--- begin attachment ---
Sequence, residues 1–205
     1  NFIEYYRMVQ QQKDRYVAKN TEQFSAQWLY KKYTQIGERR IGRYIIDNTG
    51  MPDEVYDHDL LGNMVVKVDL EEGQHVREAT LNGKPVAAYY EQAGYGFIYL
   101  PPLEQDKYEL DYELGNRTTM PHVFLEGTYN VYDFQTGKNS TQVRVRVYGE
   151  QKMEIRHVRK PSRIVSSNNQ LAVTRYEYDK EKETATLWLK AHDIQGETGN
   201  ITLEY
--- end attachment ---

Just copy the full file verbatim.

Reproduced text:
Sequence, residues 1–205
     1  NFIEYYRMVQ QQKDRYVAKN TEQFSAQWLY KKYTQIGERR IGRYIIDNTG
    51  MPDEVYDHDL LGNMVVKVDL EEGQHVREAT LNGKPVAAYY EQAGYGFIYL
   101  PPLEQDKYEL DYELGNRTTM PHVFLEGTYN VYDFQTGKNS TQVRVRVYGE
   151  QKMEIRHVRK PSRIVSSNNQ LAVTRYEYDK EKETATLWLK AHDIQGETGN
   201  ITLEY